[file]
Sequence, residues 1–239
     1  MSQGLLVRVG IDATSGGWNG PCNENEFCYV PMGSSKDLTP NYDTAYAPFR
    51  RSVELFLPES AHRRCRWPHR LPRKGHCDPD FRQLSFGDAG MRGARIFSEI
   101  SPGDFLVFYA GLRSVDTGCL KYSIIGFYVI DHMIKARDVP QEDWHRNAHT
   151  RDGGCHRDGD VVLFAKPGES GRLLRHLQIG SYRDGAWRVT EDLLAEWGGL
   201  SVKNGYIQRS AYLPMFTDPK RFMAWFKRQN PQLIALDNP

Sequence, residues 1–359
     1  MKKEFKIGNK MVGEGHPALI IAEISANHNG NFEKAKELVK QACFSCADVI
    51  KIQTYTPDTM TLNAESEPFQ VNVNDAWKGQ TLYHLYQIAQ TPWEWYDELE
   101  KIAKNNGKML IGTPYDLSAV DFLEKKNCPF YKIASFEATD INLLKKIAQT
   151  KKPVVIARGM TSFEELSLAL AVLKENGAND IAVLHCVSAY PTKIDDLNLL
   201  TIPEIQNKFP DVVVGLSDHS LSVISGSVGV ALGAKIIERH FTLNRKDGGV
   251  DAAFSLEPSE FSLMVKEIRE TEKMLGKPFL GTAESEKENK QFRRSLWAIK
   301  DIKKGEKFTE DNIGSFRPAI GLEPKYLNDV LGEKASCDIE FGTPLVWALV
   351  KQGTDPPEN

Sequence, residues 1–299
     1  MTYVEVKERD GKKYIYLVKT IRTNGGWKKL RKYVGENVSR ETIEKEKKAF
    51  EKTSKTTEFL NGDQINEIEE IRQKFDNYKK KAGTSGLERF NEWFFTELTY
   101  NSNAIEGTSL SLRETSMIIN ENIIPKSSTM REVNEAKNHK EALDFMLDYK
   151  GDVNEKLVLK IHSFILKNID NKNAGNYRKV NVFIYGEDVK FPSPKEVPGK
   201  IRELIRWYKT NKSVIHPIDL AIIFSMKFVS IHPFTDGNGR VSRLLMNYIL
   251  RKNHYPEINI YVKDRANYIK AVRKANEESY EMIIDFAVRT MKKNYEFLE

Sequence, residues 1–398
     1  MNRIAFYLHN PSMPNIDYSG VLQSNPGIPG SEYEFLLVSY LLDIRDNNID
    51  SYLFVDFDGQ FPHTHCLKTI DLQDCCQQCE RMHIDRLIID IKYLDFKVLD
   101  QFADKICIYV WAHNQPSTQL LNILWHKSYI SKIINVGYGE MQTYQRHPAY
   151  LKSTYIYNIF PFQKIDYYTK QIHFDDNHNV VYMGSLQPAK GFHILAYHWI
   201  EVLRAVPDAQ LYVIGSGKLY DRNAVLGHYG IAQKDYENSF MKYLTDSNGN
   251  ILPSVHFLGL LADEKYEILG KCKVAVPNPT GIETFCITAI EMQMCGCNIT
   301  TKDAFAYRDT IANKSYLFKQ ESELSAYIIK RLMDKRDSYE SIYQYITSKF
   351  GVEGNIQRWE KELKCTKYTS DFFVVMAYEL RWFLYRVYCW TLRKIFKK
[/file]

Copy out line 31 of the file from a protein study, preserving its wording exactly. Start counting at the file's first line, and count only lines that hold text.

   351  GVEGNIQRWE KELKCTKYTS DFFVVMAYEL RWFLYRVYCW TLRKIFKK